Risk Being Wrong

However, the IoT has been around for a few years now.  Some companies are in their third generation of IoT-enabled products and have some initial metrics in place.  Other companies are just warming up.  Given the almost unlimited scope of what the internet makes available, and thereby enables for all companies, picking one’s spots will be critical.

Discussions about appropriate metrics should probably begin sooner then they have historically begun.  Focusing on what to measure will spur the refinement of strategy and thinking on competitive positioning.


Get Organized

While there will be many new metrics, GGI estimates roughly fifty will be tried and will subsequently sort-out to a handful that will become widely adopted across industry, it will be best not to wait to see what others measure.  The playing field is nearly unlimited.  The generally adopted metrics may not yield the specific strategic advantages that most companies will seek.  Don’t sit back and wait to copy what others have done.

Over time, metrics will generally sort-out to four major categories:  Corporate Metrics, Project/Product Metrics, Functional/Technical Metrics, and Improvement Metrics.  A corporate brainstorming session might begin with these four areas for thought, and then seek input from participants using these general buckets to organize ideas.


Turn Over Rocks

At the next level of thinking, metrics for the IIoT and IoT will be different than many other corporate initiatives that have occurred over the years.  For example, take Open Innovation.  Whether a product originated organically or openly, the same measures capture customer experience.  This will not be the same for IIoT- and IoT-Enabled products. Data generated internally within a company’s IIoT may have some utility for customers.  Data acquired externally through the IoT, and/or a customer’s use of a product, may have some utility for the company that originally created the product – to enhance it, perhaps in real time.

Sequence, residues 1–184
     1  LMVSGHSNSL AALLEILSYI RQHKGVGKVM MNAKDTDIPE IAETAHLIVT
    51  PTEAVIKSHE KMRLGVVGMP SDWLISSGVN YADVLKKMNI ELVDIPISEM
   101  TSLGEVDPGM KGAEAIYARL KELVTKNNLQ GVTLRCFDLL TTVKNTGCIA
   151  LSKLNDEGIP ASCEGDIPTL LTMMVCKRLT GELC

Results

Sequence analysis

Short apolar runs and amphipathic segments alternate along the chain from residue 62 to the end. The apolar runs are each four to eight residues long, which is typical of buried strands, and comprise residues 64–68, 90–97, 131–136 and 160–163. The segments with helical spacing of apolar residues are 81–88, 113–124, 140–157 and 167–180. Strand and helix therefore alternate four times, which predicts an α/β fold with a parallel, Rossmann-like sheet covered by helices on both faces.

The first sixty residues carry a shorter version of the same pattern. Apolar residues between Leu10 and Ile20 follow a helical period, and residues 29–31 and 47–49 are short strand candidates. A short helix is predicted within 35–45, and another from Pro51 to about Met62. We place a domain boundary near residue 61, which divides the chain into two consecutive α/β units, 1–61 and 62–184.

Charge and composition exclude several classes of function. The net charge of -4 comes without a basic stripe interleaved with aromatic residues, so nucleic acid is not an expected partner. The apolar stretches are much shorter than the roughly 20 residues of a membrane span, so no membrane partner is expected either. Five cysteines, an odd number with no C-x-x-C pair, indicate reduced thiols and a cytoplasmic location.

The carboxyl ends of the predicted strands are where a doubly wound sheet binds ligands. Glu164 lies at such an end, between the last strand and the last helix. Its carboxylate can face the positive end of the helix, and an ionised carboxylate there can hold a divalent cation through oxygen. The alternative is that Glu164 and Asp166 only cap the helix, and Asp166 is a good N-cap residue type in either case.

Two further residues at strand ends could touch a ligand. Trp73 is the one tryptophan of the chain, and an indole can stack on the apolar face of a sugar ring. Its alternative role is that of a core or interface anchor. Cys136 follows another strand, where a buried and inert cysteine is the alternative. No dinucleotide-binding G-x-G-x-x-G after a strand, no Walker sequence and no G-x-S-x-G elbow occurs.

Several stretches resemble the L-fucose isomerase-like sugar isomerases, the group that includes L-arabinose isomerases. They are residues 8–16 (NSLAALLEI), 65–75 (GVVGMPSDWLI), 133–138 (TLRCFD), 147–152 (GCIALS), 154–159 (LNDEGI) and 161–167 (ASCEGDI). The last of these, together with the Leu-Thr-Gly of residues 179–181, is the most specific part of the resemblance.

These data may also be selectively packaged to create new “soft products,” that may or may not have anything to do with the value offering of the original product, that could produce incremental revenues and profits.  Few can see this far ahead.  It will take time for big data to accumulate to know for sure the assets one has, or has access to, but forge ahead with the thinking.

Thinking through these four areas will result in generating ideas that may then be subsequently refined to become Corporate Metrics, Project/Product Metrics, Functional/Technical Metrics, and Improvement Metrics.


Metrics for IoT-Enabled Products [Machine Design – July 2017] builds on these frameworks and suggests several specific metrics that may some day become generally adopted by industry – such as “Sensors Per Product.”





Measuring Product Development Productivity & Performance

October 3-4, 2017

The Moller Centre

University of Cambridge